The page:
Croissant crumbs will have to fall on tablet screens and day-old broadsheets at zinc counters throughout France tomorrow, if plans for a national "day without newspapers" are carried out.
The Federation of Workers in the Book, Paper and Communication Industries (Filipac CGT) has called for a halt in the publication of France’s national, regional and local dailies on July 5, 2012, to protest against lay-offs that have been rocking the news sector in France, as in the rest of the world.
In a statement, the organization asserted that social rupture and the dismantling of titles was under way. It demanded a moratorium on all redundancies, and for the government to intervene, according to Le Monde.
The statement also presented a “non-exhaustive” list of lay-offs that have been carried out or envisaged “by the management of the daily press,” including 670 at Hersant’s titles, 116 at the Ebra group and 1,000 at distribution company Presstalis, as well as the removal of positions at prominent dailies such as Le Figaro and Les Echos.
The failure of the merger between regional news group Hersant and Belgium's Rossel, announced last week- for which the two media companies blame Filipac CGT, according to Le Monde- helped to bring the challenges inherent in restructuring an industry in crisis to light.
The President of the Union of the Regional Daily Press (SPQR) has said that some titles were overstaffed, and that if excessive expenditures were weighing down budgets, then laying people off was fair game. “Of course, the press is not a product like any other, but we are mortal just like the others,” he explained to AFP.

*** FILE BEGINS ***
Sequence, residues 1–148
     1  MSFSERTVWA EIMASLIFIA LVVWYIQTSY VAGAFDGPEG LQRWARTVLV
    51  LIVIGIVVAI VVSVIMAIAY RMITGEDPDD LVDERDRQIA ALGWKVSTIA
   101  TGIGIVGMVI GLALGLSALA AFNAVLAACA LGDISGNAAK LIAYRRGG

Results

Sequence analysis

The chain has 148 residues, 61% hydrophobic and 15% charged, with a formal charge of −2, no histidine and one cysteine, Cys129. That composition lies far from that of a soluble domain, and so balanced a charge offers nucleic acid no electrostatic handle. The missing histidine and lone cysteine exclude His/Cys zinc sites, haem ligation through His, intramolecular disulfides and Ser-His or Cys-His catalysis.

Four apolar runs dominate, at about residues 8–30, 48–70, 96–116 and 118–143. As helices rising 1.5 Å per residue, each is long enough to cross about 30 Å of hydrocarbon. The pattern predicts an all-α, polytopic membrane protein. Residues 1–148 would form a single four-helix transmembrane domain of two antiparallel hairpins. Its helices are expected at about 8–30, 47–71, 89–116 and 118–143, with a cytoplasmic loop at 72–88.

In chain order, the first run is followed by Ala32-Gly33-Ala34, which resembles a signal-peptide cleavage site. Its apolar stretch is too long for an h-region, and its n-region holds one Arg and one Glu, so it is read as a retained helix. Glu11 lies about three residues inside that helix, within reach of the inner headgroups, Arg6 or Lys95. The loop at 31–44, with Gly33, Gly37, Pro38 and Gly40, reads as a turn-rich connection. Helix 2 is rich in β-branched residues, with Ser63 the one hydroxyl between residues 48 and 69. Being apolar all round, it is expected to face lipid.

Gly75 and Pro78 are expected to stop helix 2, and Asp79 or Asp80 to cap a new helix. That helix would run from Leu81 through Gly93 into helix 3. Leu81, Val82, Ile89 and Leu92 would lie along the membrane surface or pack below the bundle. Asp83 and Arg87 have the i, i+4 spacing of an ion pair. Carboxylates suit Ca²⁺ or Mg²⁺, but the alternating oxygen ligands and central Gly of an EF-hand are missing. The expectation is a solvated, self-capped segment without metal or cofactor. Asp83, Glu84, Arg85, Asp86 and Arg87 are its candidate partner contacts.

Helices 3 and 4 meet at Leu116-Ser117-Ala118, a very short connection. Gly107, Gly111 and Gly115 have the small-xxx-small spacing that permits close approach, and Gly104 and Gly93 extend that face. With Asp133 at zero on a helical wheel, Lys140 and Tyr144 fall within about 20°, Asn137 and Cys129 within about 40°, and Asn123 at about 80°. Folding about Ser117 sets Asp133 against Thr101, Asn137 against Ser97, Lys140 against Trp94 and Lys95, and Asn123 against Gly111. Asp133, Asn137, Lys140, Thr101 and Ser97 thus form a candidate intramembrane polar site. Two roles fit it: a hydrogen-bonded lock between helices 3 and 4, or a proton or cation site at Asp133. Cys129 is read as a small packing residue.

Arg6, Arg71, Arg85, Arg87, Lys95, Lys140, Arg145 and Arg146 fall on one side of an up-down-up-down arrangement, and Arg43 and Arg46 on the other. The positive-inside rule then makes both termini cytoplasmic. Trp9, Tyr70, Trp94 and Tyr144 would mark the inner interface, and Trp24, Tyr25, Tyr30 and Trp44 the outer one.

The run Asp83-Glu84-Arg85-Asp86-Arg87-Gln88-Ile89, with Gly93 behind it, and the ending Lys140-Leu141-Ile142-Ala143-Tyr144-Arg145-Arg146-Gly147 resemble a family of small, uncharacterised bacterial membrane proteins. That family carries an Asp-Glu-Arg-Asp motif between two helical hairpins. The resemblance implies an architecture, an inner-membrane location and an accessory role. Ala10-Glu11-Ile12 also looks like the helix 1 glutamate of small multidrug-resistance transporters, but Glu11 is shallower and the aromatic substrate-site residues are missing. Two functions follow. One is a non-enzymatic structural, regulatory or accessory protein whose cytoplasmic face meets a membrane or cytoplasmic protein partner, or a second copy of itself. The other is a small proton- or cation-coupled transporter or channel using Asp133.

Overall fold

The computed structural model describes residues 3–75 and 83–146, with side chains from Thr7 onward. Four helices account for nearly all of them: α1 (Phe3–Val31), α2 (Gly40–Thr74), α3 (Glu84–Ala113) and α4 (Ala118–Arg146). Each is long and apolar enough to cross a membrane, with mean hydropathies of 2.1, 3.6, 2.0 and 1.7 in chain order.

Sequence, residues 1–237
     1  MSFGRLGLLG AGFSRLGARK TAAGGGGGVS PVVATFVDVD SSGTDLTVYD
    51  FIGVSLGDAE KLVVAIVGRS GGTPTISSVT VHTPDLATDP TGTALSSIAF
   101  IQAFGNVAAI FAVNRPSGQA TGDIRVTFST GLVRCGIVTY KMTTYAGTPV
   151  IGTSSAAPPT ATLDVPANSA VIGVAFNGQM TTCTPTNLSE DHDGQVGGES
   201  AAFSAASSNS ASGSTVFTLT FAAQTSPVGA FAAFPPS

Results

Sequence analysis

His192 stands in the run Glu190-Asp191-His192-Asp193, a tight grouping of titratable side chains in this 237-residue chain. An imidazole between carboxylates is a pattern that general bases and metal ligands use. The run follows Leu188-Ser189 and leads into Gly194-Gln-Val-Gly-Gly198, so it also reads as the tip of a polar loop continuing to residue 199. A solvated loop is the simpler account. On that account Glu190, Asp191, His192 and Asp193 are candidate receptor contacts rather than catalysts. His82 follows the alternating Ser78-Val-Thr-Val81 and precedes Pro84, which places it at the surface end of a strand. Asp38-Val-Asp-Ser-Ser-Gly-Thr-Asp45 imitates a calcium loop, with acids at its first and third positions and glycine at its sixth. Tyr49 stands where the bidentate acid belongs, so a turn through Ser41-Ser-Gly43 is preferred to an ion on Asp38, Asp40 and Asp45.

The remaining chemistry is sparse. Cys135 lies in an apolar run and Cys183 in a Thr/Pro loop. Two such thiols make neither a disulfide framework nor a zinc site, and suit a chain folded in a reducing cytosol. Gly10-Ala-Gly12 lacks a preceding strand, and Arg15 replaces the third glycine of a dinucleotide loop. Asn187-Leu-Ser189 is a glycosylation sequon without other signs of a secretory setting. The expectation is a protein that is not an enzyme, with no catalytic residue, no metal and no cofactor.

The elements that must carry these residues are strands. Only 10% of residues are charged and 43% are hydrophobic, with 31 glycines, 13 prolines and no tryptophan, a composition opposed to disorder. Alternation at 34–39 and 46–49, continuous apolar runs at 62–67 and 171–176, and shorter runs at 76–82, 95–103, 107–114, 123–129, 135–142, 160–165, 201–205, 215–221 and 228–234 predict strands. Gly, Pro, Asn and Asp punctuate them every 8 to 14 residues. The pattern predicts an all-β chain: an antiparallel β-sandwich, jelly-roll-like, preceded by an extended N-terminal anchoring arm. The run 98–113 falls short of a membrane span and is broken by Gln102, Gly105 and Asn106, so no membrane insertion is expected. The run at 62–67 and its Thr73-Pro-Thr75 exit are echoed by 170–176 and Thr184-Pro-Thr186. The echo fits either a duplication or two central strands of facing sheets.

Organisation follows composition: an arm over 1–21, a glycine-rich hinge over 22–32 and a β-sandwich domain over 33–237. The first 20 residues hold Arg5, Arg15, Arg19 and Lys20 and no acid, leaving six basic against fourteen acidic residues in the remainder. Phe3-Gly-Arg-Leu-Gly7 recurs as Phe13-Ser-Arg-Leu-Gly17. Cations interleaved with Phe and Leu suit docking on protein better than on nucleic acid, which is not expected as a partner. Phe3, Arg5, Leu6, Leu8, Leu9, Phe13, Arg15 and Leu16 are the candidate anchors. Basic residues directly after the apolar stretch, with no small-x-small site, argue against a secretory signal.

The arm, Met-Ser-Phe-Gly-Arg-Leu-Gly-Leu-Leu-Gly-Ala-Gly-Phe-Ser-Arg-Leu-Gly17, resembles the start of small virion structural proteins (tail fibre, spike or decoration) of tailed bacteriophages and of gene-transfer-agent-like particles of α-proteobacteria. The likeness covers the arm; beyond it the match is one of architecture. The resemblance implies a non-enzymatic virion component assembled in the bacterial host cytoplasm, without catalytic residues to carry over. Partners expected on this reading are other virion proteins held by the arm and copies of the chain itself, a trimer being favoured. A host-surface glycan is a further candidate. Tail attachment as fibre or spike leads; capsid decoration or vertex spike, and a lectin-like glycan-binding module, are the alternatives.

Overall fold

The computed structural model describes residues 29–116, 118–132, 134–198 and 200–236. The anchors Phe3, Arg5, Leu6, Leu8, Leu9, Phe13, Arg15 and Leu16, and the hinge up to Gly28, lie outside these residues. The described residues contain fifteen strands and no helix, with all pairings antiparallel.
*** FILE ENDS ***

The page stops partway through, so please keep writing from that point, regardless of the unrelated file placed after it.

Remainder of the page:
Meanwhile, the Union of the National Daily Press (SPQN) has condemned the strike, calling it yet another example of “hostage-taking” (this is not the first time a strike has withheld newspapers from French kiosks). “Instead of defending employment, these uses of force destabilize it,” the SPQN stated.
Digital transformation is at the root of the matter, according to AFP, with the circulation of the regional daily press having sunk between 2 and 2.5 percent per year, and print advertising revenue having collapsed, since 2009. Sales of national newspapers in kiosks also dropped by 25 percent between 2008 and 2011, and look like they will see an equivalent plunge over the next four years.
Amid this destruction, France's digital centimes are not adding up to print euros: despite 16 million unique visitors and 600 million page views, digital revenue does not even add up to 10 percent of ad sales, reported Le Monde.
Even if it is a day without newspapers, tomorrow is unlikely to be a day without news; daily national business newspaper Les Echos said today that its Thursday, July 5 edition will be available on its website in PDF format.
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